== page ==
Despite its modest size Bau Island played a key role in the history of Fiji. Up until the eighteenth century, Verata, 10km north of Nausori, and its rival Rewa had ruled the archipelago, the latter being the head of the aristocracy of Burebasaga, one of the three founding clans. In 1760, a tiny island named Ulu-ni-Vuaka (“the head of the pig”), barely 300m from the shore of Viti Levu, was settled by warriors of Verata lineage and in time became known as Bau. The island’s first chief erected sea walls to protect it from invasion and built stone canoe docks, making the island a powerful seafaring base. In 1808 a Swedish “beachcomber” named Charlie Savage – who five years later would end up in the cannibals’ pot – visited Bau and brought with him firearms, until then never possessed by Fijians. Using these new, terrifying weapons, the ruling chief, Naulivou, fought a series of wars with Verata, 15km to the north. When Verata was weak Rewa grew in strength and between the two, they battled the upstarts from Bau for supremacy. Bau grew more powerful under the rule of the brutal cannibal chiefs of Tanoa and later Cakobau. The chiefs seized upon the right of vasu, claiming wide support from villages throughout Fiji. At its peak, the island boasted three thousand inhabitants and twenty temples.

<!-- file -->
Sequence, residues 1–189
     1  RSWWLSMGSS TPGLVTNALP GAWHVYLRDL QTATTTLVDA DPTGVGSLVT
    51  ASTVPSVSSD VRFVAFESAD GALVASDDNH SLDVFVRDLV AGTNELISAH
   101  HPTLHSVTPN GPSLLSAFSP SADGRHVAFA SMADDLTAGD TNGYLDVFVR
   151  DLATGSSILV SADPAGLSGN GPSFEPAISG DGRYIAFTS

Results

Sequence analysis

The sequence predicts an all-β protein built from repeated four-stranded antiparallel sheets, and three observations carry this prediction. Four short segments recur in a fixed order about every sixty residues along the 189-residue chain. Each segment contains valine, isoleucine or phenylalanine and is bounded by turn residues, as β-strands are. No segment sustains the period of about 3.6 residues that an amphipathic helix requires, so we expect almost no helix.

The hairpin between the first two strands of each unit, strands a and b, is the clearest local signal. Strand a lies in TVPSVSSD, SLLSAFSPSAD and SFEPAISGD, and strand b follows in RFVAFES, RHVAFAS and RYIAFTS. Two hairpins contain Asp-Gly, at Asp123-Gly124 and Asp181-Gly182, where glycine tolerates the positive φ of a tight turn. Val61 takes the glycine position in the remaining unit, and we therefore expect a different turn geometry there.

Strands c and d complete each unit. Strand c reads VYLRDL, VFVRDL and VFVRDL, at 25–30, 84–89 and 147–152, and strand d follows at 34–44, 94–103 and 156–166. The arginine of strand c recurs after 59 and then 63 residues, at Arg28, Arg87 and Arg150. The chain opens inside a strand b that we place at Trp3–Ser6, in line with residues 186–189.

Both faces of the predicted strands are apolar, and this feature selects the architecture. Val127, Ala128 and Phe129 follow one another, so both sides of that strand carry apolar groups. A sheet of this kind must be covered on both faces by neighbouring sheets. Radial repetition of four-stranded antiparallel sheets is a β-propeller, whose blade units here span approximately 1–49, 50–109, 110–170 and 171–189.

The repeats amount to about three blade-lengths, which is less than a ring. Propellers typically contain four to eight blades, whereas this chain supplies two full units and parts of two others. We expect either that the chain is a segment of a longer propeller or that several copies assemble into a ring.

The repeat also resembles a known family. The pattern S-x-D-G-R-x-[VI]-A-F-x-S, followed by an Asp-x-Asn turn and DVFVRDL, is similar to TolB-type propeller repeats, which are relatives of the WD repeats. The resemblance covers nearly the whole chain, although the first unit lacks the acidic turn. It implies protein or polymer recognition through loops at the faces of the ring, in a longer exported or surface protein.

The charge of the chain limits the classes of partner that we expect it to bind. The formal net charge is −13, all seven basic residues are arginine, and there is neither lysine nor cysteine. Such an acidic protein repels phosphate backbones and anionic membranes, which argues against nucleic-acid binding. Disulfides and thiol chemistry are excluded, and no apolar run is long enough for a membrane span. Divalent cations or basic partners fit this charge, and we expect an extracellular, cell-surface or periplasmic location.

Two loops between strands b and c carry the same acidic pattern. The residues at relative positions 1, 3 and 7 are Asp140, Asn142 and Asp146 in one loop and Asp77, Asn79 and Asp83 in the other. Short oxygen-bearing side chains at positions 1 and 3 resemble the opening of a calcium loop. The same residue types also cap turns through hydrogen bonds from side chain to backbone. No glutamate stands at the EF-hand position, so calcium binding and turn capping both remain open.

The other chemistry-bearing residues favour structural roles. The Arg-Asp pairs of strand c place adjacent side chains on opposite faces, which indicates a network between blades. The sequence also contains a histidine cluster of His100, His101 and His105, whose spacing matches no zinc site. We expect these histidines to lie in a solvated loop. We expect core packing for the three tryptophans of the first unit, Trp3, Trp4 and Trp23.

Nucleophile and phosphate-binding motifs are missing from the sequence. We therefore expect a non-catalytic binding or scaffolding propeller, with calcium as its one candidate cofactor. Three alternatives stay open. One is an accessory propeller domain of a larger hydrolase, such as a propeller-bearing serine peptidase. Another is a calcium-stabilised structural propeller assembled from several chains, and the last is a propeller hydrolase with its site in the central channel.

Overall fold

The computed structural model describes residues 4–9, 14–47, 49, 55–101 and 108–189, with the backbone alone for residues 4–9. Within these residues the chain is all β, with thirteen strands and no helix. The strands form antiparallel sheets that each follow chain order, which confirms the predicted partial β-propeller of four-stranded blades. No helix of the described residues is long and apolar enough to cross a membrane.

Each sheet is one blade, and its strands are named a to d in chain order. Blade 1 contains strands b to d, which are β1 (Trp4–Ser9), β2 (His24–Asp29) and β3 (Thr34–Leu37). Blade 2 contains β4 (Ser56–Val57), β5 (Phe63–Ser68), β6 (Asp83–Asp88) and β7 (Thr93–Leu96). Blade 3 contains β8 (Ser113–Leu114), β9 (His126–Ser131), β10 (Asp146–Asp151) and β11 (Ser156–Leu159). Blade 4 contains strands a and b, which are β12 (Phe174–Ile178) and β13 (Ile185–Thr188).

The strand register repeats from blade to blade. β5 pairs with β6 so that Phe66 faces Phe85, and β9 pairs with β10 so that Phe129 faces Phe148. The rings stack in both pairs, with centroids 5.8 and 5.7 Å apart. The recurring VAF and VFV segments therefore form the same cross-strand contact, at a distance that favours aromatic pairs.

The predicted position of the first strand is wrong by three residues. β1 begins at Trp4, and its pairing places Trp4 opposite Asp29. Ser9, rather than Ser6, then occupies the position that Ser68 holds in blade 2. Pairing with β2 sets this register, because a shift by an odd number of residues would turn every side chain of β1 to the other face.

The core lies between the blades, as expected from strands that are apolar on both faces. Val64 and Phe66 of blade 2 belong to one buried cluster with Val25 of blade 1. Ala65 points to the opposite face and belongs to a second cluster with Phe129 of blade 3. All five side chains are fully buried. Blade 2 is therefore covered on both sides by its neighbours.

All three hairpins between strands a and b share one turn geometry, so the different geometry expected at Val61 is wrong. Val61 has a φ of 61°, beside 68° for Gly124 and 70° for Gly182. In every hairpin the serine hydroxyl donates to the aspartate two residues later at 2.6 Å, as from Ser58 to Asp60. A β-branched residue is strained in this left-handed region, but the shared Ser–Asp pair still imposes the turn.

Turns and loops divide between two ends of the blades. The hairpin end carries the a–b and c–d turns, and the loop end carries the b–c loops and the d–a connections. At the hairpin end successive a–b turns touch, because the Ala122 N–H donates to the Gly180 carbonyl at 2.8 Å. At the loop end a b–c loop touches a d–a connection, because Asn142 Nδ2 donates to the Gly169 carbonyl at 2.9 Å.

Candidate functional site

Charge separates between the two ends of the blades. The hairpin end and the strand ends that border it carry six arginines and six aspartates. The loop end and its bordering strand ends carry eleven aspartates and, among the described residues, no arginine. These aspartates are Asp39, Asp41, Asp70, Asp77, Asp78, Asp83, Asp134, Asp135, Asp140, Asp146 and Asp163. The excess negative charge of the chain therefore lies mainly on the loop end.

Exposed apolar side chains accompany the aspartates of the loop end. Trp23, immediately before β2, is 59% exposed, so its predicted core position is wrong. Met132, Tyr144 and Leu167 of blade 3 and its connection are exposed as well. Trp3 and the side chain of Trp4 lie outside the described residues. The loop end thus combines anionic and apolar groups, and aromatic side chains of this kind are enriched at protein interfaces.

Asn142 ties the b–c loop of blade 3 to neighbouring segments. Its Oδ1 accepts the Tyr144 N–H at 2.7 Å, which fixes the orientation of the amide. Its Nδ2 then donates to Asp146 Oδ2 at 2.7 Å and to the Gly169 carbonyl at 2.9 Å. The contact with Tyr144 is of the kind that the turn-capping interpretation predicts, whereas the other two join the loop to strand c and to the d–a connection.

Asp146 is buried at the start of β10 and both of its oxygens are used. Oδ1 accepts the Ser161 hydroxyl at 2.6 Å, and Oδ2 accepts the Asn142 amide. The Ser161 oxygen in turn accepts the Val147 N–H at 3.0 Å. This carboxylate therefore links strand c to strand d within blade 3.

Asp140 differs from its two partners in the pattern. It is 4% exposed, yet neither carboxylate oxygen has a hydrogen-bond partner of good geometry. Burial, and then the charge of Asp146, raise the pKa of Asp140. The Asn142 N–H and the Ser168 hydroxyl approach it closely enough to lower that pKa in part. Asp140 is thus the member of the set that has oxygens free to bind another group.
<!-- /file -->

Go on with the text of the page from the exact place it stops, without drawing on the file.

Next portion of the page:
By 1871, with the backing of the European merchants of Levuka, Cakobau had proclaimed himself King of Fiji. Three years later he ceded the islands to Britain. Today, the chief of Bau remains one of the most powerful in Fijian political life. As for Rewa, the aristocrats managed to retain their hold over their far-flung subjects and the Burebasaga Confederacy remains the largest and most powerful of Fiji’s three ancient confederacies.